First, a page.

A Russian rocket launching from Kazakhstan put an Iranian satellite into orbit on Tuesday. It’s nice to see everybody working so nicely together. The satellite, the Khayyam, is according to Iranian officials meant to be used for scientific monitoring. However, according to a Washington Post piece last week, the Russian military is intending to use it for at least the next few months to improve its reconnaissance capabilities in Ukraine. Beyond that, US officials are apparently worried that the Iranians could use the satellite to spy on Israel and/or US-friendly Gulf Arab states. Indeed those US officials seem concerned about the potential for further space-related cooperation between Russia and Iran. Washington has of course deepened that cooperation by trying to isolate both countries economically and diplomatically, but I’m sure we’d rather not talk about that.
Elsewhere, the Biden administration has renewed sanctions waivers covering foreign involvement with Iran’s civilian nuclear program. These waivers prevent firms working on projects like, for example, converting Iran’s heavy water reactor at Arak to a design that’s less of a proliferation risk, from running afoul of US sanctions. The Trump administration rescinded these waivers in 2020 but the Biden administration has restored them.
Responsible Statecraft’s Eli Clifton outlines the findings of a new report highlighting the lack of oversight for US contractors in Afghanistan:
The rapid collapse of the Afghan National Security Forces last summer and return to power by the Taliban laid bare the failed U.S.-led state-building efforts since 2001. The human and financial costs of the 20-year conflict were staggering — approximately 243,000 people died because of the war and the cost to U.S. taxpayers exceeded $2.3 trillion.
But the war wasn’t a failure for Pentagon contractors who enjoyed $108 billion in contracts for work in Afghanistan, with little oversight, according to a new paper by Brown University’s Cost of War Project.
The paper, authored by Heidi Peltier, finds that 13 companies received over $1 billion each in Pentagon contracts for work in Afghanistan. And those are just some of the contracts disclosed in federal databases. Over one-third of Pentagon contracts for work in Afghanistan — worth $37 billion — went to recipients who are not uniquely identifiable in publicly available contracting databases.
“When the DoD registers certain contract recipients as ‘undisclosed’ or ‘miscellaneous,’ it becomes difficult or impossible to track contract spending and thus to conduct oversight or assess effectiveness and waste,” said the paper.
A suicide bomber attacked a military convoy in northern Pakistan’s Khyber Pakhtunkhwa province on Monday, killing at least four soldiers. There’s no indication as to responsibility but the bombing did come one day after a senior Pakistani Taliban commander, Abdul Wali, was killed by a roadside bomb in Afghanistan. Could be a coincidence.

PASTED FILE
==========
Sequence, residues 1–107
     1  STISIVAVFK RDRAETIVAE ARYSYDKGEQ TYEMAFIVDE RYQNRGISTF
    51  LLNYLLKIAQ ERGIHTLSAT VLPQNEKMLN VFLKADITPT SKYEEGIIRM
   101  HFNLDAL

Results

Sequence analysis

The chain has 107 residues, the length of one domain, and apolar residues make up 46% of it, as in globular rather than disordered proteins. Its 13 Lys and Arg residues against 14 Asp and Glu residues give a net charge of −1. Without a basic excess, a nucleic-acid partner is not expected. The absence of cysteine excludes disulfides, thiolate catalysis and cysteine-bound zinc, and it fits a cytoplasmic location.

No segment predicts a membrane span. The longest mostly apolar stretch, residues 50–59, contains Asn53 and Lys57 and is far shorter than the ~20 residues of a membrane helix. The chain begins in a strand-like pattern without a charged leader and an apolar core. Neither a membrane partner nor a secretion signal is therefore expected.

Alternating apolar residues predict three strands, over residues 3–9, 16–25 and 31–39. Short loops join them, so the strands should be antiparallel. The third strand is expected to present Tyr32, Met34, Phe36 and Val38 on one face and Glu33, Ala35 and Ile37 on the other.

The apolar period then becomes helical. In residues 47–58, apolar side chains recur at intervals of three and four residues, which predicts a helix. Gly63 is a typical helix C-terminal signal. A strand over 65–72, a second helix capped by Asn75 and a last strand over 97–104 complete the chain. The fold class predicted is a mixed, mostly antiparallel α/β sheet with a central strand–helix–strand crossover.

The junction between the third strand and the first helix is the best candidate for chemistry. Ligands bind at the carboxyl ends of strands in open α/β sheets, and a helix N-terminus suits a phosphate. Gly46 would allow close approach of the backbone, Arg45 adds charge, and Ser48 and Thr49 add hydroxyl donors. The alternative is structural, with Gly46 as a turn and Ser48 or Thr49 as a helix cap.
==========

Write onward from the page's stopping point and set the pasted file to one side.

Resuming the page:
A new report from the United Nations’ Independent Investigative Mechanism for Myanmar finds that Myanmar’s junta has committed human rights violations “on a scale and in a manner that constitutes a widespread and systematic attack against a civilian population.” Those violations include murder, torture, arbitrary arrest, forced relocation, sexual violence, and more. The IIMM is supposed to be compiling evidence that could be used in an international criminal proceeding, though the chances of something like that emerging from Myanmar are probably slim.
The Taiwanese military began conducting live fire drills on Tuesday, which given that the Chinese military is still conducting drills in the vicinity of Taiwan creates an uncomfortably tense situation. Taiwanese officials say these exercises have been planned for some time and were not organized in response to China’s activities in the wake of Nancy Pelosi’s visit last week. But there are reports, for example, of Chinese and Taiwanese naval vessels essentially shadowing one another along the median line through the Taiwan Strait, which again is not a particularly comfortable situation.
Solomon Islands Prime Minister Manasseh Sogavare is attempting to postpone next year’s scheduled parliamentary election until early 2024. By law the Solomons parliament must dissolve by next May and hold the election shortly after. Sogovare wants parliament to dissolve on December 31 instead. His contention is that the Solomons cannot afford to hold an election and then host the Pacific Games, as it’s scheduled to do in November, in the same year. His political opponents are warning that this could be part of some sort of power grab. The delay Sogovare is seeking would require amending the country’s constitution, which would require a two-thirds parliamentary super-majority to pass.
Guinea’s ruling junta has ordered the dissolution of the country’s largest civilian opposition bloc, the National Front for the Defense of the Constitution (FNDC). The FNDC has been organizing protests in an effort to pressure the junta to speed up its timetable for transitioning Guinea back to democratic rule, with more demonstrations scheduled for later this month. The dissolution decree, which was apparently issued Saturday but only became public on Tuesday, could raise the stakes around those protests, assuming they still take place.